-Keith Staples

Democracy in Russia?

Filed under: Uncategorized — Keith Staples @ 5:32 pm

Stefan McDaniel over at First Things approves of the civilian patrols that are making a comeback in Russia. He calls them examples of “old-fashioned democratic action that has nothing to do with ballot boxes or liberal rights.”

I’m prejudiced toward any argument that disparages liberalism, but after a thorough read-through of the Times article he links to I’m a little less sanguine than McDaniel is about this apparent victory for localism. McDaniel does not mention that the success of the druzhiniki has led to a movement to give them more power:

In Soviet days. . . they could detain people on misdemeanor charges and write traffic tickets, and they were compensated if injured while on patrol. For the most part, today’s druzhiniki get little outside of free public transportation and the red armband.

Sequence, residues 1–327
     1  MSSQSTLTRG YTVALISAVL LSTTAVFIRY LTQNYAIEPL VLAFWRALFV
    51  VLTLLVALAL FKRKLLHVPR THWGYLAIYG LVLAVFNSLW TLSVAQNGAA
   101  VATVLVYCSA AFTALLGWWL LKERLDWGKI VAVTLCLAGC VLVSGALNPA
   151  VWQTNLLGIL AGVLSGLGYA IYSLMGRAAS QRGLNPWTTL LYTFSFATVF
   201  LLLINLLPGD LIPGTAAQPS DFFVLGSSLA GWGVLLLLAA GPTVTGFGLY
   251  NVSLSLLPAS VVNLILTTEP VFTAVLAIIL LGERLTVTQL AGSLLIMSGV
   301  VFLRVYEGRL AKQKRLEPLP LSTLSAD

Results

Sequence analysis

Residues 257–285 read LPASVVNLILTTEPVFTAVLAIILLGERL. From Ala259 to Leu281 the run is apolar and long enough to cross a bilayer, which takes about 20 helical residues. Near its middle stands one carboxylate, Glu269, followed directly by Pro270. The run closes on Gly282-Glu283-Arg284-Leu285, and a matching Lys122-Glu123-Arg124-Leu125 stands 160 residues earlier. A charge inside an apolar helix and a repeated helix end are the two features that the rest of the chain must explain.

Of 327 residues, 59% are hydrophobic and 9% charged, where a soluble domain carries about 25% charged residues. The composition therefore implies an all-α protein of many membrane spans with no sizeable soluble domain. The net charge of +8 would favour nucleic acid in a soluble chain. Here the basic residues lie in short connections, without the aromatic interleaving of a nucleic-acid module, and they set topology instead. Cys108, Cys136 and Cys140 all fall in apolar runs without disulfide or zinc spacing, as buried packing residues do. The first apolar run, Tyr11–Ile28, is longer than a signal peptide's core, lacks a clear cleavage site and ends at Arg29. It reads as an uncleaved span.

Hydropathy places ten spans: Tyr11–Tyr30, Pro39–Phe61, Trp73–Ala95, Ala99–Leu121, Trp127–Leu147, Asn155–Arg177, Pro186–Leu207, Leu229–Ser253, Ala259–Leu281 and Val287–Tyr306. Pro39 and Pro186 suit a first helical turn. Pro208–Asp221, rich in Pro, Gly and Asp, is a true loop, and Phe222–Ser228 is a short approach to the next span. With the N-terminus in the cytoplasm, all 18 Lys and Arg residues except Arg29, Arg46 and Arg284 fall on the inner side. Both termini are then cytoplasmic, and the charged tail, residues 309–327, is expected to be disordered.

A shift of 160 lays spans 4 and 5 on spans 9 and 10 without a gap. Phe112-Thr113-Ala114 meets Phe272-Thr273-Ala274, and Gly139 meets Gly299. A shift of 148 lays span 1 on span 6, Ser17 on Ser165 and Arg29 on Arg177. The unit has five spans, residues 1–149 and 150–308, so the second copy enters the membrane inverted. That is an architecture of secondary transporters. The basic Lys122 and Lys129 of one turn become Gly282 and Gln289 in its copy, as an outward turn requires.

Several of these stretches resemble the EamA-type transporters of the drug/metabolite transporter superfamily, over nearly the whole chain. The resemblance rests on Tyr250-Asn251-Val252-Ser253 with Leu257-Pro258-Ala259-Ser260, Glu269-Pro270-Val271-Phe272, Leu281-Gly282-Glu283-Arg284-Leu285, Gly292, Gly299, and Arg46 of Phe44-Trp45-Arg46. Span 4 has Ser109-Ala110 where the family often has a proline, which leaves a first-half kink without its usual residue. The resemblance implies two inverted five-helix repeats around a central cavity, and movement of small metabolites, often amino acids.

“We should be working on those issues that the police simply don’t have time for, like small street crimes and crime prevention,” Mr. Kharlamov said.

The new legislation, which will probably come up for hearings in Russia’s Parliament this spring, would institute the druzhiniki on a federal level and allow them to impose fines for failure to obey their orders and provide compensation for injuries suffered while on patrol. Legislators have even debated the possibility of allowing the volunteers to carry weapons like batons or stun guns.

Understandably enough, not everybody thinks this is a good idea:

Critics. . . worry that this emboldened civilian police force could easily succumb to the corruption that already pervades Russia’s law enforcement agencies.

“If today we already have problems controlling our police, what happens when we create a far less trained, less disciplined and less controlled structure?” said Aleksandr Cherkasov of the Moscow-based human rights organization Memorial. “What we will get is this obscure formation beyond the control of the police that will ultimately merge with criminal elements.”